Nuri Icgoren, who holds a degree in biology, started Urban Sprout Farms in East Atlanta, on the 5-acre site of an abandoned motel. The biodynamic farm currently produces compost and grows tomatoes, peppers, lettuce and cut flowers on one acre. Urban Sprout operates as a nursery, selling plants as well as in-season veggies, and Icgoren is in the midst of a plan to gradually tear down the buildings and use the salvaged materials on the farm.

The farm aims to be a community resource. Locals can volunteer two days a week, and last  year Icgoren hosted the first Phoenix Festival, an art and music event to raise awareness in the community. That sense of community is also part of what appealed to him about CNG certification — the peer-to-peer aspect offers an avenue for networking with and learning from other farmers, he said.

“The biggest benefit is getting on their website, that drives a lot of customers our way,” he said. “People look up local farms and they see we’re in Atlanta and that we’re Certified Naturally Grown.”

All growers that earn CNG certification have their inspection reports posted on the group’s website, along with contact information and links to the farm’s website, making it easy for chefs and consumers to find local growers, Varon said.

Additionally, CNG provides marketing materials including stickers and twist ties with the logo and posters explaining what the certification means and, in addition to listings on the site, CNG uses its blog to highlight members and media coverage about the program.

Beach View Farms owner Chris Adams learned about the program from his professors while earning his degree in agronomy and horticulture, he said. Later, it made sense when he began farming eight acres in Manahawkin, N.J.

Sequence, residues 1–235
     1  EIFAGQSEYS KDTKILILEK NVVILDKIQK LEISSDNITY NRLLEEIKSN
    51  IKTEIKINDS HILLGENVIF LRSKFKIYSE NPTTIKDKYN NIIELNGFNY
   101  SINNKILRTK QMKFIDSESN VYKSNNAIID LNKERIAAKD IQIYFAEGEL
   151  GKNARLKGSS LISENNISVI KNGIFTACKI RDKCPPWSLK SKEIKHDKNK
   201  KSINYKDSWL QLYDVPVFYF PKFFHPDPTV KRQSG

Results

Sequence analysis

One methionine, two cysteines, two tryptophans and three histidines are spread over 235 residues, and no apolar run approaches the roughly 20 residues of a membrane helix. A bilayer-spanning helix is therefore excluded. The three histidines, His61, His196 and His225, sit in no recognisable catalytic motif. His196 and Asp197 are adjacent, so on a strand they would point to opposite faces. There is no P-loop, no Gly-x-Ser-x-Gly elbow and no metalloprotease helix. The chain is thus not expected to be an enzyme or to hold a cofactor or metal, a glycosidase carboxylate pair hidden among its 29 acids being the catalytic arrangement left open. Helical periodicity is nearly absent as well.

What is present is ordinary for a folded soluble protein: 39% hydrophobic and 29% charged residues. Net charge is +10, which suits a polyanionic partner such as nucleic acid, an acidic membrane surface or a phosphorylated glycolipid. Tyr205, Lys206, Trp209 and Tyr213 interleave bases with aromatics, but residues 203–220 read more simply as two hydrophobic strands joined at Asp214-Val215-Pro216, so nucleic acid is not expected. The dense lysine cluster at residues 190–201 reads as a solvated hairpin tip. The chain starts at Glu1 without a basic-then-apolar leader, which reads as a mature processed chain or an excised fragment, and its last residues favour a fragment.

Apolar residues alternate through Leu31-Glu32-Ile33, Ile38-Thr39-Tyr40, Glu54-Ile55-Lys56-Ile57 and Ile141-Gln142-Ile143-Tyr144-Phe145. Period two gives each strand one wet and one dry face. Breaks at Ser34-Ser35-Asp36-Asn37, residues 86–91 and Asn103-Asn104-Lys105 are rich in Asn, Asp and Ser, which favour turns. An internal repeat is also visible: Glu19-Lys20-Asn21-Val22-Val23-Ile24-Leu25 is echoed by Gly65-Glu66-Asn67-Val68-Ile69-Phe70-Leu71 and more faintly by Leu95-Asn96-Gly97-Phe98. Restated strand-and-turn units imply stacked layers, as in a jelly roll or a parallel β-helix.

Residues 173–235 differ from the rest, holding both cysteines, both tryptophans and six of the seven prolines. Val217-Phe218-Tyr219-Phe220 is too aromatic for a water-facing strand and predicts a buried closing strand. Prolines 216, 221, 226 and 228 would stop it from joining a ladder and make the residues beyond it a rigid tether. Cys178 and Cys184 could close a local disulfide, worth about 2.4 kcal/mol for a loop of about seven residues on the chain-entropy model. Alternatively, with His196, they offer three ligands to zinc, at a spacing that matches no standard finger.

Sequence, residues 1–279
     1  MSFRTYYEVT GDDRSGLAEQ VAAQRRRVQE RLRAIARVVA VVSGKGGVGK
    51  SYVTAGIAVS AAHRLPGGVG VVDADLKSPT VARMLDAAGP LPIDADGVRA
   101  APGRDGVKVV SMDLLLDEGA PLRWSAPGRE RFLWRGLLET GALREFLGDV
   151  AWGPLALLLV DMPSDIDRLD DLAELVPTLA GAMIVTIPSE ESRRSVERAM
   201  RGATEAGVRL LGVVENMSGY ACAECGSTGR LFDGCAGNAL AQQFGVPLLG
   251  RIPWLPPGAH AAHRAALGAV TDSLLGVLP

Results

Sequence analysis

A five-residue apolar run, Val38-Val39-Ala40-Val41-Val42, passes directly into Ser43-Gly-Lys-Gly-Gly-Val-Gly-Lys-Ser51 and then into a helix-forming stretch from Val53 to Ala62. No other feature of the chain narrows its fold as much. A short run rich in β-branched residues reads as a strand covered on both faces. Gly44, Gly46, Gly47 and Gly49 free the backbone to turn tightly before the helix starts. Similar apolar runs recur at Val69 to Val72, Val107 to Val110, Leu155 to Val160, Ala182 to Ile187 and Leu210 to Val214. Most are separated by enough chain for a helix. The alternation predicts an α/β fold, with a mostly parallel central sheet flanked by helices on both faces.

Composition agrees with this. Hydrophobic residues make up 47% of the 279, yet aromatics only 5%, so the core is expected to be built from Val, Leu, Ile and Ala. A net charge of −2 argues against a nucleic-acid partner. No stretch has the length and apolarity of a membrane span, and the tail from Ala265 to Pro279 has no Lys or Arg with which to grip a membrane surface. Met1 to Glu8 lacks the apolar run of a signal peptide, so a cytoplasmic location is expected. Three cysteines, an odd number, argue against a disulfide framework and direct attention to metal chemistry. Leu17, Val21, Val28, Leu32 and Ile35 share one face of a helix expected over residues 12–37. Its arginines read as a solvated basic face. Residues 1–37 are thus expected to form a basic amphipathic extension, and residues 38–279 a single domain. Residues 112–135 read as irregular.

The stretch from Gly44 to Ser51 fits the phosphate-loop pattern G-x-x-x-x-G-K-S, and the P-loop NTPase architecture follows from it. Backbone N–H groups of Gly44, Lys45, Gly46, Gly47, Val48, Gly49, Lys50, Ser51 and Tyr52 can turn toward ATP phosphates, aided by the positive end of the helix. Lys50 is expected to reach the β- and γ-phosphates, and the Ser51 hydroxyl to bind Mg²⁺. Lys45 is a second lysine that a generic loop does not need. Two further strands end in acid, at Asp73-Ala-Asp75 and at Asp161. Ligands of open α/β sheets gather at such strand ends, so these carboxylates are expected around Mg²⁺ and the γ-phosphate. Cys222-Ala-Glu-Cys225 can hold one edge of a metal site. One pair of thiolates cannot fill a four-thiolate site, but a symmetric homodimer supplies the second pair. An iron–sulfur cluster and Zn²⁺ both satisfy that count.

“I farm by myself, I don’t have time to keep a record book of every minute detail,” he said. “And I like what CNG stands for.”

His certifier this year is a local grower who is in charge of a garden at one of the area schools, and Adams has become the liaison for the students and adults who tend the garden, he said.

Adams sells his produce through a 30-member CSA and an on-site farm stand. And, like a growing number of other small farms, he also sells to local chefs and restaurants. Most don’t worry about marketing the organic aspect of the produce to their customers, he said.

“The reason they buy from us is because it’s super fresh and high quality,” he said.

How to become CNG certified

Farms interested in becoming CNG certified should first read through the requirements on the group’s website, Varon said.

If they meet the qualifications, they can fill out the online application.

Then comes the inspection by a local farmer who is already in the program.

Farms that are approved pay annual dues of between $110 and $200, depending on their size and circumstances, and all the inspection documents are posted on the website.

Does your restaurant seek out local produce? How important is organic? Tell us about it in the comments.